The chancellor is to tell the City of his plans to forge relationships with major financial centres around the world as he looks beyond Europe to cement the UK’s position as “the undisputed gateway to global markets”.
Philip Hammond will use his Mansion House speech tomorrow night to set out plans for “ground-breaking financial partnerships” with countries and cities thought to include Hong Kong and Singapore, among others.
City A.M. understands Hammond will make the case for “a whole suite” of arrangements, that include mutual recognition as a basis, in a show of strength to continental nay-sayers who are refusing to consider such a partnership after Brexit.
It chimes with the so-called F4 model proposed the Swiss Bankers Alliance in 2016, which was backed just weeks ago by former Legatum Institute director – and influential government adviser – Shanker Singham in his first report for the Institute of Economic Affairs (IEA).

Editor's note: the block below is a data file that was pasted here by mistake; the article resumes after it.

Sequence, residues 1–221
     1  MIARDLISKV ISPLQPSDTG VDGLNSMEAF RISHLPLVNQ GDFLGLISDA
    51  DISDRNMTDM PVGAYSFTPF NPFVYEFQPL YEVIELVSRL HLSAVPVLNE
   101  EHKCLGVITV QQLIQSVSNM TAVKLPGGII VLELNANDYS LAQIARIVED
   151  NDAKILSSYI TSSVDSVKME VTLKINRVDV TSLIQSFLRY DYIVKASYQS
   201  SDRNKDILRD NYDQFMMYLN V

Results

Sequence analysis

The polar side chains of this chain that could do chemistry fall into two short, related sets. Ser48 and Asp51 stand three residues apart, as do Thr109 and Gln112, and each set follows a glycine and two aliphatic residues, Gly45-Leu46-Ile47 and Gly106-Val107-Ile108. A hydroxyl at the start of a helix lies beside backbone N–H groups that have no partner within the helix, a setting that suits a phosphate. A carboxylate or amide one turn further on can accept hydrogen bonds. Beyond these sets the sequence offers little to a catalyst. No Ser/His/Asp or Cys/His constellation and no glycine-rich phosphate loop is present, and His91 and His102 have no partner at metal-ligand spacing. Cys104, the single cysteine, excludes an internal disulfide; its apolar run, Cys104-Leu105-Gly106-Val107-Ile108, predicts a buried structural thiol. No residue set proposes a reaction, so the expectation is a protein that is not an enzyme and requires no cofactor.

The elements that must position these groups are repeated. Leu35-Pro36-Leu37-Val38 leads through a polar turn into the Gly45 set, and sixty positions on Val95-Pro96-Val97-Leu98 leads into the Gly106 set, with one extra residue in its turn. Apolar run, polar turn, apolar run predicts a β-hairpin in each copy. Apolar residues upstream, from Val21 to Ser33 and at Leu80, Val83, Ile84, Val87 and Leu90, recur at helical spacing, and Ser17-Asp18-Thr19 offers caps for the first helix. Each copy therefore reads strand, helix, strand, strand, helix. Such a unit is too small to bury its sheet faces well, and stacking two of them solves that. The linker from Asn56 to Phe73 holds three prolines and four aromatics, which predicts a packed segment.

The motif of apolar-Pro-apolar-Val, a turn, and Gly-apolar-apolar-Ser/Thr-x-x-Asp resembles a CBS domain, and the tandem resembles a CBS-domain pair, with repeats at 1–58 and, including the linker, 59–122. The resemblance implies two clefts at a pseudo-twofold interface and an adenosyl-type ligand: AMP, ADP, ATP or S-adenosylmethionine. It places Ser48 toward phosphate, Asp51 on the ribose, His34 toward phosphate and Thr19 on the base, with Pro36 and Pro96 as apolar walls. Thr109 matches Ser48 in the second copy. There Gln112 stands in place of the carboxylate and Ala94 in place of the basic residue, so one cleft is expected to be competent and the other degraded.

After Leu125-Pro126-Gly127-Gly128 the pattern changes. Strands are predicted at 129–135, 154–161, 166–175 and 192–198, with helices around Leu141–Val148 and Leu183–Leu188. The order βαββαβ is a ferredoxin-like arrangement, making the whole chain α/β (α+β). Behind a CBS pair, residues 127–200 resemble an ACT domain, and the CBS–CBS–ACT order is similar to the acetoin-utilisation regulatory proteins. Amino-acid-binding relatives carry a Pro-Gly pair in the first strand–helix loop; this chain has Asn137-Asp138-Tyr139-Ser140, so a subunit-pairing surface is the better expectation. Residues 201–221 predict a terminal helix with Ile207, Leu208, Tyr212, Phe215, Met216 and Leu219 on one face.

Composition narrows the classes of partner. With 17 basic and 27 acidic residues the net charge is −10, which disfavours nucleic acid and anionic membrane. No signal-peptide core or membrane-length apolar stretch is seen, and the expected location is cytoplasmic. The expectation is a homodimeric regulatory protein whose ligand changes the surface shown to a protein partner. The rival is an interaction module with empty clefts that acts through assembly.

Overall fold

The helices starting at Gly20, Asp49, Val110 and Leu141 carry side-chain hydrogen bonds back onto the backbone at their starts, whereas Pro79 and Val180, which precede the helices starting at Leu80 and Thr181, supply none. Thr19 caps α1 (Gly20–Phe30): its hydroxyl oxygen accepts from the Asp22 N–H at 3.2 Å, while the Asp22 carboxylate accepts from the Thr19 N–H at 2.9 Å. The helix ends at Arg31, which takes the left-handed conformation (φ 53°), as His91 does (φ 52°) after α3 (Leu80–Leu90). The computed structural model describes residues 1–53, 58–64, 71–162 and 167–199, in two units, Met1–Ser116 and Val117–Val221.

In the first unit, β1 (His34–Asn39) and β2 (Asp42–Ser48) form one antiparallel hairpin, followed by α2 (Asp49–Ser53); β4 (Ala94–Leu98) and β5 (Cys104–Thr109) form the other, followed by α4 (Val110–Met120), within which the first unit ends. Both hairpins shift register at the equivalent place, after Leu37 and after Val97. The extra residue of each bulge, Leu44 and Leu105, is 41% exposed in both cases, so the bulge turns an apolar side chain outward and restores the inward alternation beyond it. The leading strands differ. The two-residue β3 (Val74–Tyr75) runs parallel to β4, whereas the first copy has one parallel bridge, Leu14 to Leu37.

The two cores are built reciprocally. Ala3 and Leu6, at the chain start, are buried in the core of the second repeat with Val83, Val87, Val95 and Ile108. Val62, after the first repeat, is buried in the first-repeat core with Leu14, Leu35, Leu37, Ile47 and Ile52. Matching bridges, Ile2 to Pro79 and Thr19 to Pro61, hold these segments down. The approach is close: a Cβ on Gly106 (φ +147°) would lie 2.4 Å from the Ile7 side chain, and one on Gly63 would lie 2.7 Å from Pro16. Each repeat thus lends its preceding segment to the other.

A UK regime of multilateral mutual recognition (MMR) "would allow the UK to strengthen its involvement in global regulation formation and dispute resolution", Singham's report argues.
It would also "give the combined bloc a strong negotiating position when discussing regulatory matters with other global financial centres".
Tomorrow night, the chancellor will say: “Connectivity was always at the heart of London’s success. And to succeed in the future, we must remain connected to the world – including the important emerging markets.
“So while some question the benefits of openness being open to the world – and being a global capital of finance – will continue to be foundation of the UK’s economic success.
“Our vision is for a set of new partnerships, combining new tools, like Free Trade Agreements (FTAs), and existing ones, like our financial dialogues, looking across sectors of the industry and positioning the UK as the most global financial services market in the world.”
In doing this the UK will be able to build a system for opening up cross-border financial services, supporting firms’ access to global financial markets, and reducing the cost to businesses, Hammond will say.